Dance Program “Gypsy Fire” Flickers on Stage
At times dance can be breathtaking. Watching dancers perform on a stage, as they feel the music and reflect the beats with their movements, almost as if the motion and the rhythm are inseparable, can make your heart leap or send chills up your spine.
When it comes to flamenco, the dynamic dance that is grounded in a rich cultural tradition of the Andalusian Gypsies of southern Spain seems synonymous with the word “passion”.
Watching the production becomes an experience rather than an observation of a show. Flamenco dance typically hits a level of such emotional intensity that you nearly fall into a trance and become enveloped in the sounds of Spanish guitar and the swirling images before you.
Unfortunately, this was not the feeling I got from watching Compañia Flamenca José Porcel perform at the Quick Center last Saturday evening.
Rather than experiencing the shiver-inducing performance that flamenco typically yields, I felt myself cringe throughout most of the two-hour long performance entitled “Gypsy Fire.”
With the exception of José Porcel himself, who danced a notable solo act and a decent improvised routine, the rest of the dancers were, for lack of a better word, awkward.
The troop was made up of Porcel, who is the choreographer, four women dancing the female parts, two men dancing male parts, and one woman who dressed in traditional male flamenco costume and danced the male part along with the three other men.
I assume that the swap of gender roles on the part of this dancer was done in an effort to provide a partner for each dancer.
The female performer who danced the male part was, besides Porcel, probably the best dancer on stage.
She executed the moves naturally and smoothly without hesitation and appeared to be responding to the music rather than running through a choreographed routine, more so than any of the other dancers under Porcel’s lead.
While I am not by any means a connoisseur in the art of flamenco dancing, I have seen quite a few flamenco performances.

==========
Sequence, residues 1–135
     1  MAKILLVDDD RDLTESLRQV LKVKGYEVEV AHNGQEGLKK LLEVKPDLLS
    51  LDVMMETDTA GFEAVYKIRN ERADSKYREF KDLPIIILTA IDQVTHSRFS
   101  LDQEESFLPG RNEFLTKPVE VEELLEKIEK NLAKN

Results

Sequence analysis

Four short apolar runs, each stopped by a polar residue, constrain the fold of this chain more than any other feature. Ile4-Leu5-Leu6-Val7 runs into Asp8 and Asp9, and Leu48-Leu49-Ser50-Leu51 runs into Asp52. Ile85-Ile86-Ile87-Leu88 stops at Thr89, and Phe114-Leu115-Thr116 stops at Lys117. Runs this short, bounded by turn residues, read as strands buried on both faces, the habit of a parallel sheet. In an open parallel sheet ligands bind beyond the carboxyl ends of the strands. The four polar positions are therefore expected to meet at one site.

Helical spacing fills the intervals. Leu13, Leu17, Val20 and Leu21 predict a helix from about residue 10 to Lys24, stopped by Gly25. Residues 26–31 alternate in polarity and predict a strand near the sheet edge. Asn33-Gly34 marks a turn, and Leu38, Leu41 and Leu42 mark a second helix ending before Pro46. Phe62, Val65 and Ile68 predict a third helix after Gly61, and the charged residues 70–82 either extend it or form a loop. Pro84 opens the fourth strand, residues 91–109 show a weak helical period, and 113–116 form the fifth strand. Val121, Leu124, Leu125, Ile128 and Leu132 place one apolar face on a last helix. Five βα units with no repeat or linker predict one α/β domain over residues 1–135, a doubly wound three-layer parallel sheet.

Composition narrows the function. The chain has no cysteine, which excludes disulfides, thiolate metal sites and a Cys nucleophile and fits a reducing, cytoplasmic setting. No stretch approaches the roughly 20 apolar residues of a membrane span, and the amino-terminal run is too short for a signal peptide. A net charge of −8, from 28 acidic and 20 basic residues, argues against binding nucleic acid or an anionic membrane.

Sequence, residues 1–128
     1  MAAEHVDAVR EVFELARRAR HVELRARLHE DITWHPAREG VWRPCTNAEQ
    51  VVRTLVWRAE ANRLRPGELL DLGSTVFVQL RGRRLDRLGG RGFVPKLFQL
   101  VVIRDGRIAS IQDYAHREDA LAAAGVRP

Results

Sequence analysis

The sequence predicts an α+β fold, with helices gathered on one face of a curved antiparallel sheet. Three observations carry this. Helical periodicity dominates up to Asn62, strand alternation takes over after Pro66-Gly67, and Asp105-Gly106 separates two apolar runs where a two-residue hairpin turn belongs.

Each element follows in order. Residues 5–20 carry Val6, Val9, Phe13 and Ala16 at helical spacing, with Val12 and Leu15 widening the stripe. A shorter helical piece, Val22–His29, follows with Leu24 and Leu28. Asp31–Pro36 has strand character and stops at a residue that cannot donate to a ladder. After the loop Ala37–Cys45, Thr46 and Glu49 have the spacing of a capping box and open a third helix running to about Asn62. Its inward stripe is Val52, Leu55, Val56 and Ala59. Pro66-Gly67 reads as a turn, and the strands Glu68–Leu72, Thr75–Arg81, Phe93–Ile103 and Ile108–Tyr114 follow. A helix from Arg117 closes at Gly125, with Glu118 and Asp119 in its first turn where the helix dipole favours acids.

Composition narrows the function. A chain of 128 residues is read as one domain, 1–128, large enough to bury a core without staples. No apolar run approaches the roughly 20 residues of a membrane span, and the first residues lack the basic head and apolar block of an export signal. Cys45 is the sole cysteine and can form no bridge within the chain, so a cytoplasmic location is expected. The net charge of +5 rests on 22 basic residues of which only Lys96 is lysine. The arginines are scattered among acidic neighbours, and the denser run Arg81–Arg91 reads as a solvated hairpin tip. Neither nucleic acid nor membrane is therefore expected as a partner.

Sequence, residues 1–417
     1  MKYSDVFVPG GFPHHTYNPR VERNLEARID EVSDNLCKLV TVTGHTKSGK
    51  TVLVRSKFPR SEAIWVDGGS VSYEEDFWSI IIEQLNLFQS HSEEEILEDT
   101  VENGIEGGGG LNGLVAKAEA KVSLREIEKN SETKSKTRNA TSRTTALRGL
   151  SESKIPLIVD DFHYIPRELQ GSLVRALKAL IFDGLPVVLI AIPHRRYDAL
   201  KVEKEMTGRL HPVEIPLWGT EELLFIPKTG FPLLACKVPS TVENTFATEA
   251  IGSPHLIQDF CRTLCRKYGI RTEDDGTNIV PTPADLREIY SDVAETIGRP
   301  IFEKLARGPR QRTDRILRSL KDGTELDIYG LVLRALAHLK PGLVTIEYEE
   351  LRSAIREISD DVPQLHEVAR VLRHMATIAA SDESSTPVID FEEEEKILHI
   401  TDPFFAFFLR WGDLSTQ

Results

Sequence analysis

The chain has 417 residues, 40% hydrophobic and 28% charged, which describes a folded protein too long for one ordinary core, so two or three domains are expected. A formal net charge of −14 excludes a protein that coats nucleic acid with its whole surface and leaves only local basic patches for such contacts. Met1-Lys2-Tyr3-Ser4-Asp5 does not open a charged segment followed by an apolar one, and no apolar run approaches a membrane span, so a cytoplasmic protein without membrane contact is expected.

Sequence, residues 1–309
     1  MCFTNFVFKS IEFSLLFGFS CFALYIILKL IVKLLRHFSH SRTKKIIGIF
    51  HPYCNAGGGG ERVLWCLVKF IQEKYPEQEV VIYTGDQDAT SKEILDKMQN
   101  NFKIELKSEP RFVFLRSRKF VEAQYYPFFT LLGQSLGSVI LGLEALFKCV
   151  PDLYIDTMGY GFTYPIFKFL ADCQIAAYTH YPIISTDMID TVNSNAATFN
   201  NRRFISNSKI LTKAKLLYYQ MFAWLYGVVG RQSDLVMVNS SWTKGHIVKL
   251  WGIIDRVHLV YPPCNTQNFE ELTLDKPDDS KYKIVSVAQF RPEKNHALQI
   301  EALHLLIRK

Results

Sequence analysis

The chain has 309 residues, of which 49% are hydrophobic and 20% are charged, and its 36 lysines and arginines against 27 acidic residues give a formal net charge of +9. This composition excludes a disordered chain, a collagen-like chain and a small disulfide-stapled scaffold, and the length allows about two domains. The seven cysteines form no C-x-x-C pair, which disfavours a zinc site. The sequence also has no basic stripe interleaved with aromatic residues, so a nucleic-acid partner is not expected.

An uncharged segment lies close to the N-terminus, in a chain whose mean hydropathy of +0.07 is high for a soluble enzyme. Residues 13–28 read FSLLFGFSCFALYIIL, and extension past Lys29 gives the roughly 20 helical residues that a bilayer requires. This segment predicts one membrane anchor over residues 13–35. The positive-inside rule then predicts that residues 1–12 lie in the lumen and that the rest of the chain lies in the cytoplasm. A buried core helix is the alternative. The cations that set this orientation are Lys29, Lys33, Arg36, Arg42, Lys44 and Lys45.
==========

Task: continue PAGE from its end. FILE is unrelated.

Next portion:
From what I have inferred, the roles of both male and female dancers exhibit a balance of fluid poise and a commanding stance of authority.
The difference is that gestures and the way in which the dancers carry themselves is always extremely masculine or feminine depending on the gender role.
Though strong and assertive, the female dancers are always feminine at the core. While graceful, the male dancers always exude masculinity through their posture and movements and the attitudes these reveal.
That being said, this female performer danced a male flamenco dancer’s role perfectly.
She embodied the sense of masculine self-assuredness that should be expressed in the role of the male dancer, and it was interesting to see how she was able to take on this character and execute it to perfection through her stance.
Perhaps because she was able to grasp this attitude so well, she appeared to be the most masculine of the three male roles — which, to be frank, was a little odd.
So exactly had she portrayed the male flamenco dancer’s attitude that the other two paled in comparison seeming weak and disorderly next to her perfect, confident composure.
The only time during the evening that I did feel captivated by the emotion relayed in the dance was during Porcel’s solo.
The years of experience Porcel has from dancing flamenco since the age of 13 were immediately evident when he entered the stage. His act started off slow and composed. Gradually, intensity built up as his dancing became more explosive.
While the music was bursting out of control, Porcel still maintained such poise through his animated movements and the fierce beat made by his shoes and hands, that it built up a tension between the two–composure and fervency– that was indeed stunning.
Porcel’s improvised routine was still emblematic of his skill, but slightly less moving than his choreographed solo performance.
You could see that Porcel was enveloped in the music and clearly felt it, but at times it seemed like he was holding back.
While not the best flamenco I’ve ever seen, all in all the entire performance was entertaining, and at the end of the day any flamenco makes for a good time.